It’s a great way to give your child more autonomy while helping them learn the art of making better online choices. 

Download Kinjo — Play Smart and Earn to Unlock More Learning in Roblox!

3. Minecraft

Minecraft is one of the best educational games out there. Inside this online building platform, your child can learn the fundamentals of programming, teamwork, problem-solving, project management, and more. 

Minecraft fosters creativity and social skills as your child and their friends build together. It’s a fun way to nurture your child’s passion for online play while propelling their learning. 

4. Outschool

Outschool offers your child thousands of online learning courses. These interest-driven classes are a simple way to supplement their education while also building friendships with their new, online classmates. 

There are all kinds of classes, including many that feature your child’s favorite gaming platform. Check them out and find a class your child will love.

5. Massive Multiplayer Online Role Playing Games (MMORPGs)

MMORPGs are video games where your child can role-play with a large number of people all at once. World of Warcraft is a popular example. 

MMORPGs challenge your child to explore and learn through active experiences. For older children, MMORPGs are prime learning spaces — “the focus on motivation and collaboration and the correlation between them” is an essential component of online learning.

6. Multiplayer Console Games

Multiplayer console games (on an Xbox, Playstation, or Nintendo Switch) give your child a space to play online competitively or as a team to achieve a goal. 

Multiplayer games that are popular right now include Fortnite, Mario Kart, Super Mario Bros, Fall Guys, and Animal Crossing. But there are many, many more. The great thing about these games — you can play them together in your home or you can play with others around the world. Multiplayer games improve your child’s communication and team-working skills, while also building relationships with friends.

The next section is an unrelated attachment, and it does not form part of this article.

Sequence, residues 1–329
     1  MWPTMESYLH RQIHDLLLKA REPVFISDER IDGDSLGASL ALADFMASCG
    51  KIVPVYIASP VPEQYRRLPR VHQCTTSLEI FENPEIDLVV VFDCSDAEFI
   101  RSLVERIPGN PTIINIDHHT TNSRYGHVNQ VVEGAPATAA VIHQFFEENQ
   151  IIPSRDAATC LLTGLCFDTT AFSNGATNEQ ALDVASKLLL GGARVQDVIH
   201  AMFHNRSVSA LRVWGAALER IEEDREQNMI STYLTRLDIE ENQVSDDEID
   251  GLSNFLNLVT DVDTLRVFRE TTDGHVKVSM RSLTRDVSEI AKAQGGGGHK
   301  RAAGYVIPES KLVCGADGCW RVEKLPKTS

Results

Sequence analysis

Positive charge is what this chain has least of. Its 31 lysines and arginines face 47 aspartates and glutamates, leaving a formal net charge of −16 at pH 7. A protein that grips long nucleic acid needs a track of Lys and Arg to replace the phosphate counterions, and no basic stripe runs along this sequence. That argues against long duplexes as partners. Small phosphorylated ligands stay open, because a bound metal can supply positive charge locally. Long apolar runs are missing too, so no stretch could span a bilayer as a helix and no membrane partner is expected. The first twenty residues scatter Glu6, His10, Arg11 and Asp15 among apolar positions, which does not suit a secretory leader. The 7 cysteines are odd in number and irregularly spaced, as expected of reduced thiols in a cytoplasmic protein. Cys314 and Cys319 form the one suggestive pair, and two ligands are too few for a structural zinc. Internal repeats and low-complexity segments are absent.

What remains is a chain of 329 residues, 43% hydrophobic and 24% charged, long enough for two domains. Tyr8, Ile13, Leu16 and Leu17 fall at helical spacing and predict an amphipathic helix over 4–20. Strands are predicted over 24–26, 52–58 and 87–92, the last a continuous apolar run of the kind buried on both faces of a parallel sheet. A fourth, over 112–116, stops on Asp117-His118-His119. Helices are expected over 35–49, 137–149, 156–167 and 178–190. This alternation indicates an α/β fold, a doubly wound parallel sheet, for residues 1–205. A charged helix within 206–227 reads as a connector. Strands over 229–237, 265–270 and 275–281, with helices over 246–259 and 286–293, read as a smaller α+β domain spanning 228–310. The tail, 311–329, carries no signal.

Kinjo Can Help Your Child Learn and Play Online

Each day your child grows, so does the internet and its reach. It’s essential for your child to learn these virtual ropes to succeed in adulthood. 

With Kinjo, you can bridge the gap between mindless play and learning. You can feel confident giving them more freedom in their gaming choices. And you can witness the learning as it happens. 

Visit the app store today to give your family the best in online, play-based learning with Kinjo — Play Smart and Earn


  1. The Culture of Childhood: We’ve Almost Destroyed It – Peter Gray, Ph.D.
  2. Done right, internet use among children can increase learning opportunities and build digital skills – UNICEF
  3. Play and Learn: Educational MMORPGs in the Classroom – Foundations of Educational Technology
Picture of Laura Malcolm

Laura Malcolm

Career educator & educational product designer.
Share this post

Related Posts

A mom, dad and two kids playing a board game. Board games are a classic gameschooling resource.

Gameschooling Resources to Bring More Fun to Your Child’s Learning Time

November 2, 2023

2 young boys with surprised faces standing behind a jack o lantern. Are you surprised to discover these benefits of video games?

9 Surprising Benefits of Kids Playing Video Games

October 26, 2023

Image of animated player wearing a space suit in the educational Roblox game Mission: Mars. In this game, players can craft a Mars Rover to explore the Red Planet.

The Best Educational Roblox Games for Science Loving Kids

October 19, 2023

Two young girls smiling big while enjoying screen time together on a tablet. Possibly playing roguelike games - but based on their smiles, probably not.

How Much Screen Time Is Too Much?

October 13, 2023

Young boy wearing pajamas and under his covers playing on his tablet. Is he playing five flame or zero flame games? Kinjo can tell you!

What Happens When Games Don’t Meet Kinjo’s Learning Standards?

October 5, 2023

Picture of Chris Bennett - a gaming and learning expert on the Kinjo team - sitting in a chair.

Meet the Kinjo Team! An Interview with Chris Bennett, Game Designer and Stanford Learning Expert

September 29, 2023